In this newsletter, we're going to take a look at all the longevity biotech companies that are developing therapies that target mitochondrial dysfunction - one of the "Hallmarks of Aging". Mitochondria companies make up one of the biggest subcategories in longevity biotech. This makes sense as mitochondria are an extremely critical component of our cells. There are ~20+ longevity mitochondria companies currently, ranging from early stage-startups to Nasdaq-listed public companies. From small molecule drugs to gene therapies and mitochondrial transfusions. Seven of the companies are in clinical trials today.
Aging is not an accepted clinical indication (yet). So the current playbook for longevity biotech companies is to target a disease that shares the same underlying cause as one of the hallmarks/targets of aging for their first clinical trials and expand from there. Usually, this means an age-related disease or a rare genetic disease. Mitochondrial dysfunction is implicated in many diseases of aging. Longevity companies targeting mitochondrial dysfunction generally choose clinical indications such as: mitochondrial diseases caused by mitochondrial DNA mutation or nuclear DNA mutations (LHON, Pearson syndrome, etc), muscle dystrophy diseases or muscle loss (Duchenne muscular dystrophy, Becker muscular dystrophy, sarcopenia), metabolic disorders (NASH, Obesity, NAFLD, Type 2 Diabetes), neurodegenerative disease (Alzheimer's, Parkinson's, etc), or conditions linked to oxidative damage (ischemia-reperfusion injury).
Mitochondria are complex. It's still an open question on how they drive aging. Hallmarks of Mitochondrial Aging? Mitochondria have their own DNA, membranes, ribosome, move around (sometimes outside of the cell!), undergo fission and fusion, and provide one of the most critical cellular functions. Since they are almost like their own organism they probably deserve their own "Hallmarks of (Mitochondria) Aging" paper. But just like the original Hallmarks paper, it will be filled with many correlations and questions while causation is not always clear.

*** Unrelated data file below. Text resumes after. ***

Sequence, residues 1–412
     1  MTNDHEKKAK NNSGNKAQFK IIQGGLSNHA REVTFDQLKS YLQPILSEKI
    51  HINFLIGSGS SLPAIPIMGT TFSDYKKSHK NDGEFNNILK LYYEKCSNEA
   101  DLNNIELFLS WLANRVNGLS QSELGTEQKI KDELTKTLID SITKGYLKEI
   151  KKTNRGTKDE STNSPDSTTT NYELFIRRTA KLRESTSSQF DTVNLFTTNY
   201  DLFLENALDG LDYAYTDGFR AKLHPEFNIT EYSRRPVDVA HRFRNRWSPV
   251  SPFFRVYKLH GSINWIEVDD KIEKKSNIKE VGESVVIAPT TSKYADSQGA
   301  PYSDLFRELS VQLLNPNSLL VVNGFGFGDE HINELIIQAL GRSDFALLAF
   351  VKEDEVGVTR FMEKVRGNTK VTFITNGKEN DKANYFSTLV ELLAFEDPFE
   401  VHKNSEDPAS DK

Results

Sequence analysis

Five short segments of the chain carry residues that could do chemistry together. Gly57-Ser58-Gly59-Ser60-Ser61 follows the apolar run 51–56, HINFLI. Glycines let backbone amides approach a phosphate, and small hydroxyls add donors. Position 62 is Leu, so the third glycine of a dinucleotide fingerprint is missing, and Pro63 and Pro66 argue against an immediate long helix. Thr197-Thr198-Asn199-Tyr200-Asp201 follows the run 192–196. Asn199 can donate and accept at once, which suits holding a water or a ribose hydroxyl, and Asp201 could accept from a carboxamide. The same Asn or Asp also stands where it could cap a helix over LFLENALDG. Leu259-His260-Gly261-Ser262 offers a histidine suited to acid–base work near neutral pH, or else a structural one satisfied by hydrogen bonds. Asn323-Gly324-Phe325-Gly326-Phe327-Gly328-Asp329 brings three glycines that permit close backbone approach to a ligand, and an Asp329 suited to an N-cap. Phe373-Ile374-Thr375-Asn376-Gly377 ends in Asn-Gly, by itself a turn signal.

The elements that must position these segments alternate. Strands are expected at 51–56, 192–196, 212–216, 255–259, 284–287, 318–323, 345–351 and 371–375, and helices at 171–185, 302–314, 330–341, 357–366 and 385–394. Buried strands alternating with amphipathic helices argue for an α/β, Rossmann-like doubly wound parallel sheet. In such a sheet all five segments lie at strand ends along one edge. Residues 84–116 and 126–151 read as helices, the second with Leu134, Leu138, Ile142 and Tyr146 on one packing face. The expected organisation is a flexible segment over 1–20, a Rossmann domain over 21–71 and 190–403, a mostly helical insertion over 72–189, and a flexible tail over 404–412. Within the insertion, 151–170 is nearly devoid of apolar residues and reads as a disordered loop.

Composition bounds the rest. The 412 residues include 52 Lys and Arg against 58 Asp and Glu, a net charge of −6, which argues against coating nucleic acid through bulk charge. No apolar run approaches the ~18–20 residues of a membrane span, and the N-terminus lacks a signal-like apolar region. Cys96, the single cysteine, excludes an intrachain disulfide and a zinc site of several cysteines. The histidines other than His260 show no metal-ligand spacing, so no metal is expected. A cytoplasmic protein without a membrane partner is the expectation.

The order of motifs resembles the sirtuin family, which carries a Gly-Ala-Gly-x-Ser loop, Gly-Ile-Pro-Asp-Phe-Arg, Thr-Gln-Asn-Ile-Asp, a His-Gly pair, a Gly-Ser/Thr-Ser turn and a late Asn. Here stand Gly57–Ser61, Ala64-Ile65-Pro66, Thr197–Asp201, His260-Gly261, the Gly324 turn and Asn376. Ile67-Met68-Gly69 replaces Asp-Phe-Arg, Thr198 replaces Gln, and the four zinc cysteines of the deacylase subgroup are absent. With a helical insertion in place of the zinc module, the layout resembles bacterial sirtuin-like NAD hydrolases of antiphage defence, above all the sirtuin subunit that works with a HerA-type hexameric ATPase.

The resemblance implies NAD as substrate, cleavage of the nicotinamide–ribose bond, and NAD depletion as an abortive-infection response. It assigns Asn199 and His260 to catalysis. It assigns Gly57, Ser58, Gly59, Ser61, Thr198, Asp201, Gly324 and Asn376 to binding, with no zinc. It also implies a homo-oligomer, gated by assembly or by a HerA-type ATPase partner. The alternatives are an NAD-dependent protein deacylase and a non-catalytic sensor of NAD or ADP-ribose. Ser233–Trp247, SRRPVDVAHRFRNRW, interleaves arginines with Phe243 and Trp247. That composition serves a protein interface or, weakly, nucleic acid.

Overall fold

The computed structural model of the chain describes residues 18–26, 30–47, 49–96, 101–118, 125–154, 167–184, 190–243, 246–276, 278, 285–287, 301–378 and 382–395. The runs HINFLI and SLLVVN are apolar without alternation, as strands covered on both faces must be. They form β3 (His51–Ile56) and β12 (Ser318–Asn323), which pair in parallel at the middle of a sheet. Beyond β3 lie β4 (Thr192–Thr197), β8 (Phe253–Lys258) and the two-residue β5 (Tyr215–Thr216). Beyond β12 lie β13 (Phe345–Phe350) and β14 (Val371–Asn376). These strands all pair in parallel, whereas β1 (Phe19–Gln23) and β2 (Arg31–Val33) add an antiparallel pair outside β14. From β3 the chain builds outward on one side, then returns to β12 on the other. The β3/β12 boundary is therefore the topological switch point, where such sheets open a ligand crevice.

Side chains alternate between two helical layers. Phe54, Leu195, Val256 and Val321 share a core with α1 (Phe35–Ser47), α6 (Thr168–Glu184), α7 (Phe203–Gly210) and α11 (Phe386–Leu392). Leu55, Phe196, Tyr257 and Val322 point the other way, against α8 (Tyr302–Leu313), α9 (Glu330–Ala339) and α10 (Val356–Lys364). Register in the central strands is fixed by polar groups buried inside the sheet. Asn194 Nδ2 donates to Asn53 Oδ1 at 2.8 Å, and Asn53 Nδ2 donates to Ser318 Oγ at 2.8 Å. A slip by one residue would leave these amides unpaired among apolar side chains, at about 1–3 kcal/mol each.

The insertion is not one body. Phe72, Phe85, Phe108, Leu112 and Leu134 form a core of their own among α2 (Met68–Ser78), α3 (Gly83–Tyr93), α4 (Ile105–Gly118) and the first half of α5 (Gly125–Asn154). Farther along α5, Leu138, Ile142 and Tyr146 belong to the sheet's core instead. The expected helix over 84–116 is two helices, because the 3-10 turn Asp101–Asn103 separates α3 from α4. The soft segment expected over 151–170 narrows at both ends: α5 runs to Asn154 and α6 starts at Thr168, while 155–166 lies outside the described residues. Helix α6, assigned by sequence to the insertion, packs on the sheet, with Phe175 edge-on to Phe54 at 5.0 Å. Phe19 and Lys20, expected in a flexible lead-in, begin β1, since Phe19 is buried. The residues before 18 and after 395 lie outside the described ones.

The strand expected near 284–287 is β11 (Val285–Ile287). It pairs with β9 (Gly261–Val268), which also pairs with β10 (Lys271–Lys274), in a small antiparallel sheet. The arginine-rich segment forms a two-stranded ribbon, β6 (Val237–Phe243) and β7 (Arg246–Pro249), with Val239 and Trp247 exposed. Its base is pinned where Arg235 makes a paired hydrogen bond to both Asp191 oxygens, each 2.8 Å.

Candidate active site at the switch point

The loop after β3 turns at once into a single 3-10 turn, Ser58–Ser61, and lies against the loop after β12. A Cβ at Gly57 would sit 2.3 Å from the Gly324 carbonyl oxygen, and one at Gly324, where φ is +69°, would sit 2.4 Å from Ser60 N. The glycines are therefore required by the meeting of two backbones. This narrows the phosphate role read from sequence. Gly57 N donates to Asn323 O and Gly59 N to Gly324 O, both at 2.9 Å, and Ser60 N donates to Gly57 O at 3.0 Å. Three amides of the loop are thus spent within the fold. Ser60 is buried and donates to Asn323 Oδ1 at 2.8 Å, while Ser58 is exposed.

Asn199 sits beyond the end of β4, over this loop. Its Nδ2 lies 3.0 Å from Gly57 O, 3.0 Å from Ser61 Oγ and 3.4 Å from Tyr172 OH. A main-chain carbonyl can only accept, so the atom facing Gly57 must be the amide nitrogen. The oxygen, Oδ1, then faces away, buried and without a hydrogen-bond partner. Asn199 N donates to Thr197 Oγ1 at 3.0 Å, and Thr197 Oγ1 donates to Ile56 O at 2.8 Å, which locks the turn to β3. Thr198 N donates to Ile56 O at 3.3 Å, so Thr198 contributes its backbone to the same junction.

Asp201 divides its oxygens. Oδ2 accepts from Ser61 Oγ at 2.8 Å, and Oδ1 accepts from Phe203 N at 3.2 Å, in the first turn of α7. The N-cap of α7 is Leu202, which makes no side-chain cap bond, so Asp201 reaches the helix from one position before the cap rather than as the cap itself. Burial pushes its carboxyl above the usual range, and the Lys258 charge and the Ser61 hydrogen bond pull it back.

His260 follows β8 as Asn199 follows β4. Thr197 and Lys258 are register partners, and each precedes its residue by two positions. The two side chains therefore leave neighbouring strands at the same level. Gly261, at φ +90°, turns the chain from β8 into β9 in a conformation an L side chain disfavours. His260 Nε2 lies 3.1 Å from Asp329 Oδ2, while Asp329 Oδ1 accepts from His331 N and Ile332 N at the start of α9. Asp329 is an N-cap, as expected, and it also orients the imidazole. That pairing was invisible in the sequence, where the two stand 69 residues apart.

Mitochondrial transfer is very promising. I'll admit I am biased towards replacement therapies for anti-aging when it makes sense. It's a clean philosophical approach that lends itself to engineering more than traditional drug development. And unlike stem cell therapies or cellular transplants mitochondria can be replaced easily without the need for extracellular scaffolding or any kind of extra in situ differentiation. There will likely be a number of challenges to work out, though (sourcing allogeneic mitochondria, systemic distribution, determining long-term side effects, etc). One caveat: It is possible that transplanting healthy mitochondria into an old and dysfunctional cellular environment will quickly impair the transplanted organelles. Also, we need to consider the microtubules mitochondria use to move around the cell.
Protect mitochondrial DNA or remove mutations? GenSight Biologics is definitely one of the most interesting biotech companies I have ever stumbled upon. And while their therapies aren't considered anti-aging at the moment (save for GS020 for dry AMD), the technology is a step towards possibly solving the problem of mitochondrial mutations. But even here it is not clear whether it is more important to protect mitochondrial DNA from new mutations or stop already mutated mitochondrial DNA from accumulating via clonal expansion (like Shift Bioscience). Some researchers have also proposed using various DNA editing techniques (TALENS, Zinc Finger Nuclease, CRISPR) to destroy mutant mitochondrial DNA.